Last Wednesday, the Fourth Circuit Court of Appeals (which includes North and South Carolina) released opinions in two lawsuits brought under the Americans with Disabilities Act. The Fourth Circuit typically reviews plaintiffs’ ADA claims with a high degree of scrutiny, and remains employer-friendly when compared with other federal appellate courts.
The first case, Wilson v. Phoenix Specialty Mfg. Co., Inc., the plaintiff was a supervisor in a manufacturing plant who developed Parkinson’s Disease. After suffering a panic attack in the workplace, he took a short leave of absence, but returned thereafter without medical restrictions. The plaintiff alleged that after his return his employer began treating him differently, including taking away his responsibilities for computer-based data input. He claimed that within a year, he was let go in a purported reduction in force, even though he was replaced by another employee.
In a 2-1 decision, the Fourth Circuit affirmed a jury verdict for the plaintiff, concluding that he had been illegally discriminated against and denied accommodation under the ADA. Although the plaintiff was not actually disabled (his condition was controlled through medication), the employer erroneously regarded him as disabled, thus bringing him under ADA protections. The employer’s use of its company physician to provide a second opinion after the employee had been cleared to return to work by his own doctor was viewed as evidence that he was regarded as disabled.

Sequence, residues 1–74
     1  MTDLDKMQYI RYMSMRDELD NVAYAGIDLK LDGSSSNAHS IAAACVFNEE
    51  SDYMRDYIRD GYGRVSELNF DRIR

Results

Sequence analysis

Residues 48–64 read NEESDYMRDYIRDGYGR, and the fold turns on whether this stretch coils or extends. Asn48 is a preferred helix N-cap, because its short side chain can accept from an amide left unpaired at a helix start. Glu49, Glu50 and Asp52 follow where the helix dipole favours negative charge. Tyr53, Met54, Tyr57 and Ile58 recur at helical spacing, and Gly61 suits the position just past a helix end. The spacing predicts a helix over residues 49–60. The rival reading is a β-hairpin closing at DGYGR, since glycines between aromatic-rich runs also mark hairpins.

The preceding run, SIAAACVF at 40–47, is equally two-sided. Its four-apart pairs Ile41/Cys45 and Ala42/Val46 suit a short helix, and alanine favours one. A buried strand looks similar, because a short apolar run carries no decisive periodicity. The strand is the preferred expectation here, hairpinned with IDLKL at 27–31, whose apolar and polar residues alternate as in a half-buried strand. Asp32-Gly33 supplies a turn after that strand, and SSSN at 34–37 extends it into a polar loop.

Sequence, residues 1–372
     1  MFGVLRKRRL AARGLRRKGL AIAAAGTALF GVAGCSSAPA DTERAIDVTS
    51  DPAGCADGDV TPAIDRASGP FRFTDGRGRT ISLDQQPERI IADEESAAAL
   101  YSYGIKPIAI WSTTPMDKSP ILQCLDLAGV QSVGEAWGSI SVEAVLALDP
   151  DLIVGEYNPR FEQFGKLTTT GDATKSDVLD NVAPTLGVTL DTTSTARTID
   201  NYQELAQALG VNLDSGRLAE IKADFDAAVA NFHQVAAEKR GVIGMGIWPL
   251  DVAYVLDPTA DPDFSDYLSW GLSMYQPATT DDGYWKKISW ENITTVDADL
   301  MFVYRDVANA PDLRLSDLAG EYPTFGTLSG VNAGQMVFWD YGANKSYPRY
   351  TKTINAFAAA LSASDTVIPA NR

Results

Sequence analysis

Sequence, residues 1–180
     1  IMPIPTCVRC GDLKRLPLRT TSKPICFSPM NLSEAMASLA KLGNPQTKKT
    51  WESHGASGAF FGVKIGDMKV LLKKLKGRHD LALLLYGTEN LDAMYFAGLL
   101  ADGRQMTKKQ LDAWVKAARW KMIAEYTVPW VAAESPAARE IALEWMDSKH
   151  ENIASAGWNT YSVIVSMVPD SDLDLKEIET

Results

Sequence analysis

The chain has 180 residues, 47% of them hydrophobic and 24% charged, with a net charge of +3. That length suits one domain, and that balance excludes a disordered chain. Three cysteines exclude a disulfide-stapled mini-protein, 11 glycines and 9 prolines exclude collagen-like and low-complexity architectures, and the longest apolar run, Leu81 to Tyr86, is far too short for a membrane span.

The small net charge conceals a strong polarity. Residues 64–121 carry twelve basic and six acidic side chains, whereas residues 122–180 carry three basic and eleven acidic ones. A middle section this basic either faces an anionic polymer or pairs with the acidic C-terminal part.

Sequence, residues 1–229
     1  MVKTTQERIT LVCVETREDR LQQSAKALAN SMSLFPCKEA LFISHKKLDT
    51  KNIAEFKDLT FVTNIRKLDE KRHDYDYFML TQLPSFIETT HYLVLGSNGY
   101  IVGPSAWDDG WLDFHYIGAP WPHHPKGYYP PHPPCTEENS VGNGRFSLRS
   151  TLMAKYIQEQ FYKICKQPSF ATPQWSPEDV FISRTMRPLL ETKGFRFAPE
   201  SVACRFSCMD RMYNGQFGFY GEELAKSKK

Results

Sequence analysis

The second case, EEOC v. Federal Express Corp., involved an appeal of a large punitive damages award against an employer found to have failed to provide reasonable accommodations to a disabled employee. The employee in question was deaf, and requested interpreters on multiple occasions to allow him to understand what was said at staff meetings. At trial, the jury awarded him $8000 in compensatory damages, and $100,000 in punitive damages. FedEx appealed, claiming that the punitive damages award was unjustified and excessive.
The Fourth Circuit again affirmed the jury verdict, finding the requisite degree of malice or reckless indifference on the part of the employer. The managers in question were aware of FedEx’s ADA policy, but largely ignored its terms. The lack of training and adherence to policy were deemed to be adequate evidence of reckless indifference to the plaintiff’s ADA rights. The written policy does not provide protection against punitive damages if it is ignored. Despite the disparity between the compensatory and punitive damages awards, the court found the amount of the verdicts to be reasonable.
Even in the employer-friendly Fourth Circuit, bad facts can result in bad decisions for employers. In both of these cases, middle management appeared ignorant of employee rights or employer obligations under the ADA. Human resource professionals should regularly train management to immediately seek personnel and legal assistance whenever they deal with situations involving employee physical or mental issues.